Theories and Metaphors of Cyberspace- Abstracts

The Social Trajectory of Virtual Reality: Substantive Ethics in a World Without Constraints

By Michael Cranford

  • University of Southern California
  • Department of Religion/Social Ethics
  • Los Angeles, CA 90007
  • Abstract:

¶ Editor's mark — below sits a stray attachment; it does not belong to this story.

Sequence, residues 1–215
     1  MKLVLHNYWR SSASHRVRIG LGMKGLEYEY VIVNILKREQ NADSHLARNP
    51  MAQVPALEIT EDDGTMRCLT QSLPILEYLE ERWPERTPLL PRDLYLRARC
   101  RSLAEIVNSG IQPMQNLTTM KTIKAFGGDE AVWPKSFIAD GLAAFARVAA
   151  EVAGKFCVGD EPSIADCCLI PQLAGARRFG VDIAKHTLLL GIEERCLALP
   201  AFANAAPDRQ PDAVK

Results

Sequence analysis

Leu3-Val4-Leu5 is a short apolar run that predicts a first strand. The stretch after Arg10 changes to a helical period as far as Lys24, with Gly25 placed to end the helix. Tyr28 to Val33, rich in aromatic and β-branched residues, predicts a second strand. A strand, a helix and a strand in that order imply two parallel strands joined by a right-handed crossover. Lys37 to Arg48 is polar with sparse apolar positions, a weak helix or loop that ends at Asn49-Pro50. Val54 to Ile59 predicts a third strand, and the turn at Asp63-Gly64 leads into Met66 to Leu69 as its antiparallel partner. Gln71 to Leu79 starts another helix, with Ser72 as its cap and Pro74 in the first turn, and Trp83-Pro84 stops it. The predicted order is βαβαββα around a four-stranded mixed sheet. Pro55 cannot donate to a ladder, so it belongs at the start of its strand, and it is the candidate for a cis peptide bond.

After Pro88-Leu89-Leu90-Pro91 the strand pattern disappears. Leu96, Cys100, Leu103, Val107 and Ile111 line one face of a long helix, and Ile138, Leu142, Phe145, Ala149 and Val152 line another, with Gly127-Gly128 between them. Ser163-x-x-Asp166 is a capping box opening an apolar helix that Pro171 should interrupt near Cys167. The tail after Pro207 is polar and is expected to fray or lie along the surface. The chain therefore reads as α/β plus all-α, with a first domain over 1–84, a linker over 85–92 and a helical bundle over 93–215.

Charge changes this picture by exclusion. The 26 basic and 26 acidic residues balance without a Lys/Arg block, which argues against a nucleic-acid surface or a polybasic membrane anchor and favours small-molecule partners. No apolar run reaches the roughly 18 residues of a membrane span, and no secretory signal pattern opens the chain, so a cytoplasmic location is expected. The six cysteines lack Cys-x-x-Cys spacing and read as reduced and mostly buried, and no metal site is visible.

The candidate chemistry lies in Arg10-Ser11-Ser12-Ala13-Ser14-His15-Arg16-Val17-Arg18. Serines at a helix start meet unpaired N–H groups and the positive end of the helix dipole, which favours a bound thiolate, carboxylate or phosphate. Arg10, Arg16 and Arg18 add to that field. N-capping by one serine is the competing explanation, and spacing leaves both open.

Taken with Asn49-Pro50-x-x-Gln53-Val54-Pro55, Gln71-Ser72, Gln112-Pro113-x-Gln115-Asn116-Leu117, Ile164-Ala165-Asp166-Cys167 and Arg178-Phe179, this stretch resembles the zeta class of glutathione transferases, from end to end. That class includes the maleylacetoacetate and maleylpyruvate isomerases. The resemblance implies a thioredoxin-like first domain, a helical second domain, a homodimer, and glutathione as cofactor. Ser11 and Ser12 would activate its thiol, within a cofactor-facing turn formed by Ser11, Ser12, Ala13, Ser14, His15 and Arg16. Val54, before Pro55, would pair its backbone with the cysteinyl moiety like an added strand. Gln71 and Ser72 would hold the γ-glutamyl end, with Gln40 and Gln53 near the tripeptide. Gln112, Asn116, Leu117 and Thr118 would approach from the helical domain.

While the emerging scientific and educational applications of virtual reality (VR) receive a great deal of attention, these should not be confused with the psycho-social impact of the medium itself. This article explores the trajectory of the medium's social influence independent of discrete applications. VR technologies are directed at enjoining a participatory engagement in a virtual world which leaves the user unconscious of the interface. Virtual worlds are constructed to promote increased participation; the worlds are created with a sense of incompleteness, which draws the user into the world experientially, seeking to explore and be fulfilled. The experience of VR not only requires the removal of physical constraints, but also any sense of risk and consequence--constraints which undermine a participatory engagement and mitigate both the interface's transparency and the user's satisfaction. Moral responsibility constitutes a constraint which not only mitigates a virtual worlds experience, but which may prove antithetical to the medium's long-range social